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Pick the two that are most important for your vision of F1
Open Wheel / Open Cockpit 33%  33%  [ 32 ]
The Fastest Cars In The World 22%  22%  [ 21 ]
Able To Race Closely 45%  45%  [ 43 ]
Total votes : 96
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 Post subject: The Tripod of F1
PostPosted: Thu Aug 08, 2019 6:22 pm 
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Simple enough premise, basically.

Quite often when new rules are proposed we see people talking about what are diametrically opposed goals they want from these new rules. F1 cars have to be the fastest in the world -- can't let WEC get too close! -- but they also need to be able to overtake and race closely, like IndyCars. Oh, and they have to retain the DNA of F1 -- open cockpits and open wheels.

But what if you had to choose only two of those? Which two are the most important for your personal vision of F1? If it came down to it, would you prefer F1 to stick to its DNA at the cost of speed, or at the cost of racing ability (like we have now?) Or would you be willing to set aside that history for faster cars that can race better?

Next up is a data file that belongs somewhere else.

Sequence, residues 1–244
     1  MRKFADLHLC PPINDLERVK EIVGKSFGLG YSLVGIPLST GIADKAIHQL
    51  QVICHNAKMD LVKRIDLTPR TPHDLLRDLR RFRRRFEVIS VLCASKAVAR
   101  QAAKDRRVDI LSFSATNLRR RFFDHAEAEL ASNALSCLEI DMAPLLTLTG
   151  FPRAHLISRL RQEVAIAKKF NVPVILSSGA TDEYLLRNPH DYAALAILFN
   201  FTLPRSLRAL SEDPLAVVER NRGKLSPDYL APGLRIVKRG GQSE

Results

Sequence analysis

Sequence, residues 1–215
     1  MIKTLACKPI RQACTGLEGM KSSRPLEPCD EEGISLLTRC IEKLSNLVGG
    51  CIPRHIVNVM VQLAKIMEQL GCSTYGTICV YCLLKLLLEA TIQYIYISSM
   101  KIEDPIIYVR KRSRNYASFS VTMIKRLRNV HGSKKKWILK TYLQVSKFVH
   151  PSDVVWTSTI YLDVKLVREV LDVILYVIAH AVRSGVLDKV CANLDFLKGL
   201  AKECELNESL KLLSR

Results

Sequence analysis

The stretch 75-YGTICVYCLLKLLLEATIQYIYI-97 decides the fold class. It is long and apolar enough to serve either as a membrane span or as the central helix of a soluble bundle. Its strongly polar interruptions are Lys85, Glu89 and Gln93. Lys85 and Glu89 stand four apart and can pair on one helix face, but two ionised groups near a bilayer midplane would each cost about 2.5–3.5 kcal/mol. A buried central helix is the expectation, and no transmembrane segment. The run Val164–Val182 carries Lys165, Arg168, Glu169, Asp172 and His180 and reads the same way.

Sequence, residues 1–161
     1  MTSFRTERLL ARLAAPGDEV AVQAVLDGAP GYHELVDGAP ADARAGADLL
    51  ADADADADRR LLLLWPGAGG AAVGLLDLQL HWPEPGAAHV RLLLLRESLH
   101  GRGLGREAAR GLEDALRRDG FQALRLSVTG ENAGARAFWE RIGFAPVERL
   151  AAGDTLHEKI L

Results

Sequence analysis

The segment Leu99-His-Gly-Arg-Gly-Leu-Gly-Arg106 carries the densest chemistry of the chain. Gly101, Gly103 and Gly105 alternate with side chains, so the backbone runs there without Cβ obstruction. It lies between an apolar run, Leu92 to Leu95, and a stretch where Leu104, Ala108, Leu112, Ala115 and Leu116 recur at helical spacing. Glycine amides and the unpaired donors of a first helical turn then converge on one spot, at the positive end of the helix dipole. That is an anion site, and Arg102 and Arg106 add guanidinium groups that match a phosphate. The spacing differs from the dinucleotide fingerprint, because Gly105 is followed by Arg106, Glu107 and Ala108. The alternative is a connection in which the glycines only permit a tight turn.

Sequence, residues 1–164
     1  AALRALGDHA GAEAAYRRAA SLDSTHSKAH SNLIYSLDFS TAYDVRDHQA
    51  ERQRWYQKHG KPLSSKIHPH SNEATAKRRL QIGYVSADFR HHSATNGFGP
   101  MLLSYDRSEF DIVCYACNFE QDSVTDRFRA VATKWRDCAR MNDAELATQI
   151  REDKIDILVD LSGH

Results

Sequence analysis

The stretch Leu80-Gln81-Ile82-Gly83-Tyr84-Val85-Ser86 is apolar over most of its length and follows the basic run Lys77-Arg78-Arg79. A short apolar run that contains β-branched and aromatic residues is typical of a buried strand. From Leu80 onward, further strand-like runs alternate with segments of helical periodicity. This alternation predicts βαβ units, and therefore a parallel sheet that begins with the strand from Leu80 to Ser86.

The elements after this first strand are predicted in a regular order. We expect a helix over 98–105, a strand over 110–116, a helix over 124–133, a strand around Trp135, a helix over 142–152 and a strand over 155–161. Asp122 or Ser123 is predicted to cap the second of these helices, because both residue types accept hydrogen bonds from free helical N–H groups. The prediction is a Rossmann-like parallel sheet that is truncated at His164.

Pick the two options you consider most important for F1, and preferably explain your opinion.

My Opinion (click to show)

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 Post subject: Re: The Tripod of F1
PostPosted: Thu Aug 08, 2019 6:25 pm 
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Fastest cars in the world is subjective because lots of cars accelerate to 60 quicker than F1 cars do, but won't lap as fast. Some have higher top speeds too.

I'd also vote for open wheels, but open cockpits are not as important to me.

Therefore I could only vote for close racing.

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 Post subject: Re: The Tripod of F1
PostPosted: Thu Aug 08, 2019 7:13 pm 
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Well, I don't consider 'fastest cars in the world' to be all that important. If WEC cars were ten seconds a lap quicker it would have no bearing on my feelings towards F1. Similarly if FE cars got to the point where they could lap Monaco or Mexico faster then it wouldn't bother me. So I'm kind of left with the other two by default. Ironic because open cockpit isn't something I feel that strongly about (although in an ideal world the drivers would be as protected as they could be whilst still maintaining an open cockpit, which is almost an impossible ask I know).

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 Post subject: Re: The Tripod of F1
PostPosted: Thu Aug 08, 2019 8:26 pm